A heading ban in football training for children up to the end of primary school has been introduced with immediate effect this week in England, Northern Ireland and Scotland. The ban, which does not yet apply in Wales (and currently under review) will affect training only.
The new guidance has been issued following a study which showed former footballers were three-and-a-half times more likely to die of neurodegenerative disease. The new football association guidelines for coaches also puts limits on how much heading older children should do.
In a joint announcement from the FA, Scottish FA and Irish FA, coaches were advised that there should be “no heading in training in the foundation phase” – which covers primary school children, or under-11 teams and below.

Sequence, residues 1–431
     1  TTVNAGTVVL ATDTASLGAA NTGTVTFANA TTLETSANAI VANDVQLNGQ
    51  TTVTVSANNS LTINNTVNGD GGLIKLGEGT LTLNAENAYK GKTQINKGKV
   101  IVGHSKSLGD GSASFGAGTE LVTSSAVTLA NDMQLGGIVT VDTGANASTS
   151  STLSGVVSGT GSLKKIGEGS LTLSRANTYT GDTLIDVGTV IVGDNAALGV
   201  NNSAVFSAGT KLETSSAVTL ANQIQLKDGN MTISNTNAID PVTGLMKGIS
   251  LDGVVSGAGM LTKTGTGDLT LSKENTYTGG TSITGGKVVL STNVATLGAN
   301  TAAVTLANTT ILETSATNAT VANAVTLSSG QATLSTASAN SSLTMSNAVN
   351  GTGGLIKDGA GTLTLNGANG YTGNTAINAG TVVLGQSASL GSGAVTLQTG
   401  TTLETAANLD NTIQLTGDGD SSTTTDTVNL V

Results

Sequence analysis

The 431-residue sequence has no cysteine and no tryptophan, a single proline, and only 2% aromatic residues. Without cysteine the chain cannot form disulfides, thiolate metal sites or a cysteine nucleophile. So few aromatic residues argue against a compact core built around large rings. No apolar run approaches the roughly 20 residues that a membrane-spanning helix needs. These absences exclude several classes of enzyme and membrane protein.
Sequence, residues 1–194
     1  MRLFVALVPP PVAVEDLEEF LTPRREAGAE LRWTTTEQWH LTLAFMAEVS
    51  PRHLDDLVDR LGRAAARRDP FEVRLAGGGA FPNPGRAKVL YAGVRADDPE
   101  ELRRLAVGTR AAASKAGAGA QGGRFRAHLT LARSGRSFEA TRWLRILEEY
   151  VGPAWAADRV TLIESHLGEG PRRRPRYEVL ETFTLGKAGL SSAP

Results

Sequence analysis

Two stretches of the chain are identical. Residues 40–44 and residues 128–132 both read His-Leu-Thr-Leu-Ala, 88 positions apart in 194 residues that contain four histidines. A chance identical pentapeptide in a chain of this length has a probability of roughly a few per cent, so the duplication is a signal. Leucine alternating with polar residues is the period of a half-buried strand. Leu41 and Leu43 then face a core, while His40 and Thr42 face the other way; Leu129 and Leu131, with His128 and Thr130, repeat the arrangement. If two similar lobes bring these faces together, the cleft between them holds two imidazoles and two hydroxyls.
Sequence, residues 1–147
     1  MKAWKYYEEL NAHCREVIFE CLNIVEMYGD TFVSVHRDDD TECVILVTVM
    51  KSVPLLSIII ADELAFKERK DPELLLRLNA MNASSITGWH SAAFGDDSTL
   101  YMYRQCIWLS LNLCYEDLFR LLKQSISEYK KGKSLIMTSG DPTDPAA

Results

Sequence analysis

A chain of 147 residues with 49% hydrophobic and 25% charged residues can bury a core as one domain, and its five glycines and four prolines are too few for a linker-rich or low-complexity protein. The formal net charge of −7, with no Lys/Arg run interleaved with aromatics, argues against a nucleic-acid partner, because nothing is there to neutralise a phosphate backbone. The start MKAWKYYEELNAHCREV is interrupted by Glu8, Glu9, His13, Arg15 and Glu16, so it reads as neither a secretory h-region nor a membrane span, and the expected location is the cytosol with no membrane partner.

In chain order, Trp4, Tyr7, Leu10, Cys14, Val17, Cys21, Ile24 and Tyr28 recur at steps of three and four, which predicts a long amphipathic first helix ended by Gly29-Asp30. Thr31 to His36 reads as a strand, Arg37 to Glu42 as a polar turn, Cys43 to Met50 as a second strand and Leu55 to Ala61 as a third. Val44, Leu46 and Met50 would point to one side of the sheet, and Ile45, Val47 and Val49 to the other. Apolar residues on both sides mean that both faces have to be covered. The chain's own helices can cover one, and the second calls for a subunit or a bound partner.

There are also new rules for age ranges up until 18, with headers being kept a “low priority” and gradually becoming more frequent in training until the age of 16.
Headers will gradually get more frequent in training, for example under-12 teams will be limited to one session a month with a maximum of five headers, while under-13 age groups will have one session a week.
The rules also advise not to over-inflate the football when introducing heading in training, instead using the lowest pressure allowed. The guidance also sets out required ball sizes for training and matches for each age group.
The updated guidelines are designed to help coaches remove repetitive and unnecessary heading from youth football in the earliest years, with a phased introduction at an age group considered most appropriate by medical experts. It is important to reassure that heading is rare in youth football matches, but the guidelines should mitigate any potential risks.
Sportsafe wholeheartedly support the heading announcement in the protection of our current and next generation children.
For more information on this story, visit the FA directly by clicking this link:- http://www.thefa.com/news/2020/feb/24/updated-heading-guidance-announcement-240220